According to David B Barrett's now outdated projections, Africa should have had 32,000 missionaries by the year 2,000.3 Africa is at the dead end of evangelization, waterlogged with spiritualism, hanging there loose between not-going and not-coming, between existence and non-existence, threatened by non-being, threatened by the possibility of no reprieve or hope.

God's accountability

The world is suffering the effects of Livingstone's definition of evangelism as commerce, Christianity and civilization, which liberalism has changed into the new jargon of contextualization, indigenization and partnership. African universities, churches and seminaries went into the junkyard of African traditional religion to salvage some junk for use to whitewash the harm done by Livingstone to the African image. John Mbiti's African Religion and Philosophy became a text for whitewashing the mistakes of past evangelism. This Africanization did not change the unequal power relations established by colonial evangelization. Every form of religious study in Africa is given shape by reaction to colonial models of evangelism, but not by the euangelion as the anointing of the Holy Spirit (Is 61.1-3; Lk 4.18-21). According to the Holy Spirit, the gospel makes the ground beneath the cross level for all, for the creator and creature alike. God becomes embodied by God's creation with all its sins. The gospel meets the criterion of governance as consensus between the governing and the governed. God made God's sovereignty the sovereignty of the people by submitting to die in sinners' hands and without calling fire from heaven to burn them. Unlike the first exodus, where God led the people from the clouds, today God travels with and at the same level as humanity. The gospel says, "In the desert prepare the way for the Lord" (Is 40.3a; Mk 1.3). In the defence of gospel and Gentile against any privileges claimed by Judaism, Paul argued that Christ and not religion is the only way to the right relationship with God. In Romans 2 to 4, Paul vehemently argued that "God judges everyone by the same standard... And according to the good news I preach, this is how it will be on that day when God through Jesus Christ will judge the secret thoughts of all... Have the Jews any advantage over the Gentiles [or Christians over non-Christians]? ...Certainly not!" (Rom 2.11, 16, 3.1-4). I accept Paul's equation of the law of nature with the law of Moses in which Paul concluded, "Everyone has sinned and is far away from God's saving presence. But by the free gift of God's grace, all are put right with God through Christ who sets them free."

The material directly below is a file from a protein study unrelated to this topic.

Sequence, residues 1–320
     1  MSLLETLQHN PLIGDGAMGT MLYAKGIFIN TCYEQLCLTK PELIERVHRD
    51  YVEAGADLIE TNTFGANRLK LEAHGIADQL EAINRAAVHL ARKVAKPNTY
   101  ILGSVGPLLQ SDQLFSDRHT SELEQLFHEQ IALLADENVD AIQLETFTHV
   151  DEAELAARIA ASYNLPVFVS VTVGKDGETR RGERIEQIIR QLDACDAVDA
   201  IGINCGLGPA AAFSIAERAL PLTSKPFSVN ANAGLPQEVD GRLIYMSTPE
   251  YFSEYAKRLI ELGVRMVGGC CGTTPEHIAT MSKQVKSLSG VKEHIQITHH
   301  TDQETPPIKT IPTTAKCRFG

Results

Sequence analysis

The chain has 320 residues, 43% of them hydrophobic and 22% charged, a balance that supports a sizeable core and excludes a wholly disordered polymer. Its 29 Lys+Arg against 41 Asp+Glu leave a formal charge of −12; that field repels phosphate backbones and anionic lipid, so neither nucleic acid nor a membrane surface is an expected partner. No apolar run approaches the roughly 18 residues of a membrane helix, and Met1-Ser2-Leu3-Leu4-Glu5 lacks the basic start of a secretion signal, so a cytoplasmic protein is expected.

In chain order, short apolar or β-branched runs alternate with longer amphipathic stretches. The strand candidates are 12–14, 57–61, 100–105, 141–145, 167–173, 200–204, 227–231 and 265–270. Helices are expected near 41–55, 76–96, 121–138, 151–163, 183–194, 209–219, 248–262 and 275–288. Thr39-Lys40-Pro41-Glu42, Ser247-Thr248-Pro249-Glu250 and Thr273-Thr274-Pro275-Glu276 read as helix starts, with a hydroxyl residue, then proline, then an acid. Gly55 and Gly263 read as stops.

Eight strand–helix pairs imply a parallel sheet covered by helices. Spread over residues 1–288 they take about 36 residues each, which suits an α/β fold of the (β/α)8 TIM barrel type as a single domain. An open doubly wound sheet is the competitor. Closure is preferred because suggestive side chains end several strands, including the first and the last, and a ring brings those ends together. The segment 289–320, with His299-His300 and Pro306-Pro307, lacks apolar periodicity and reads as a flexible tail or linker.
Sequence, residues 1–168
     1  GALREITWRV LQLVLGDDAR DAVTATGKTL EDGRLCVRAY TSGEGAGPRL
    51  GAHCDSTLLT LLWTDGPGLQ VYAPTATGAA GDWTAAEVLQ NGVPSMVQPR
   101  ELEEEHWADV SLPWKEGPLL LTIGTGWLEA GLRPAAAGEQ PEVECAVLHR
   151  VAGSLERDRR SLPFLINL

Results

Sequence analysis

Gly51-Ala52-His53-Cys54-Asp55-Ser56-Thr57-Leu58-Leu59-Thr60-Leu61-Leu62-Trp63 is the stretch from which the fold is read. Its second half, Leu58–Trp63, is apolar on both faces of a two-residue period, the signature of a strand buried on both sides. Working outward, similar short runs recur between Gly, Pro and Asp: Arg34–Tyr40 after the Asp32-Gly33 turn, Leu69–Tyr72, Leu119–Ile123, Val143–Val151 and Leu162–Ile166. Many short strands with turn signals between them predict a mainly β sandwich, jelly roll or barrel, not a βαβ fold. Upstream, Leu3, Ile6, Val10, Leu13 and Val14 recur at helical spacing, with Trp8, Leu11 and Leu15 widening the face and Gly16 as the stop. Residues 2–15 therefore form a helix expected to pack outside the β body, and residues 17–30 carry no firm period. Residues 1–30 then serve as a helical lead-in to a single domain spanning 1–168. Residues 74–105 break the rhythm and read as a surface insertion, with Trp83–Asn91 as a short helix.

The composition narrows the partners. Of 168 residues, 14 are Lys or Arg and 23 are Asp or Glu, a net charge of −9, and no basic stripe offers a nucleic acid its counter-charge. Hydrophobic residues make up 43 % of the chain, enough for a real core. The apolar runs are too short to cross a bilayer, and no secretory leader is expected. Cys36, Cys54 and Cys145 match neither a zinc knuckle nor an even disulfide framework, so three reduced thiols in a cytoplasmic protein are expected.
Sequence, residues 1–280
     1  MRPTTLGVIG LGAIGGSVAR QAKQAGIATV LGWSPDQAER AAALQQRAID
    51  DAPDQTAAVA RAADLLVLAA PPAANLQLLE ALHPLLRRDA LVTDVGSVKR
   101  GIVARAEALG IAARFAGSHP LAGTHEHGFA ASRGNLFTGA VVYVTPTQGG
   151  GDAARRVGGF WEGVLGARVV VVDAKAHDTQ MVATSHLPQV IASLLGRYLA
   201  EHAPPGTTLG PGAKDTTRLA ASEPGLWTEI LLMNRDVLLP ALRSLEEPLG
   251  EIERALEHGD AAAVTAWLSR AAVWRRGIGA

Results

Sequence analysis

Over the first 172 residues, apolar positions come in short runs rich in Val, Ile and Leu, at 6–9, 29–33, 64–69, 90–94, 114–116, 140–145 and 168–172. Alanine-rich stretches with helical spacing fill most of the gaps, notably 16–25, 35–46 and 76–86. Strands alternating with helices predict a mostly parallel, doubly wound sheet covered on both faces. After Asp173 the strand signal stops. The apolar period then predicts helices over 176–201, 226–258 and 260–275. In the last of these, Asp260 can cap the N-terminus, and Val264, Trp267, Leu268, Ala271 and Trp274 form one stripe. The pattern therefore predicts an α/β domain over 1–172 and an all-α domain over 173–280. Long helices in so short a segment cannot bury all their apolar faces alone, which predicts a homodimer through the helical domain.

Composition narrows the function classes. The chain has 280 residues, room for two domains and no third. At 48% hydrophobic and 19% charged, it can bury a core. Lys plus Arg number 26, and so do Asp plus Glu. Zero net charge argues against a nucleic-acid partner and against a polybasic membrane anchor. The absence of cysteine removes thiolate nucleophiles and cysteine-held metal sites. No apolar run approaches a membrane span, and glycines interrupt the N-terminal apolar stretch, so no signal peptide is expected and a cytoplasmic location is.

The Holy Spirit is the power by which the gospel transforms history to respond to God's loving care. By the power of the Holy Spirit, Mary became the mother of the gospel, and the first New Testament prophet and apostle to wear the mantle of history from Old Testament to New Testament prophesy. As the first New Testament theologian Mary proclaimed the gospel and said, "My spirit rejoices in God my Saviour... for generations shall call me blessed, for the Almighty One has done great things...God has brought down rulers from their thrones but has lifted up the humble" (Lk 1.47, 49, 52; Ps 34.2f; Ps 71.19). What Mary and Jesus had in common was a dynamic of threatening and being threatened by the status quo because of fulfilling their vocation as agents of the Holy Spirit: Mary anointed to proclaim the meaning of Jesus' birth for the oppressed and Jesus anointed "to preach good news to the poor" (Lk 4.18). Mary's song was about God's involvement in history from Adam to Christ, and not about her pregnancy. Mary's role was as God's handmaid to recreate history, but not to revive the religion of Israel.

The need to re-evangelize the world is called for by the same difficulty as Mary had in proclaiming Jesus as Lord. Mary had to defy her difficulty of having a pregnancy too hard to hide, despite the possibility of being found out, accused of adultery and stoned to death according to Jewish law. She wrestled with how to explain the intervention of the Holy Spirit to the self-righteous Joseph who threatened to abandon her. I find myself in the same dilemma as Mary as to how I can interpret the gospel to the church. Mary fulfilled her vocation not as a maternity case, but as a messianic context in which the prophetic tradition was fulfilled through her and through the cross. Just as the church feels threatened by the gospel's self-actualization, Joseph felt threatened by the gospel's use of maternity as its own context. We must expect confidence in the status quo to feel shaken by the independence of the gospel.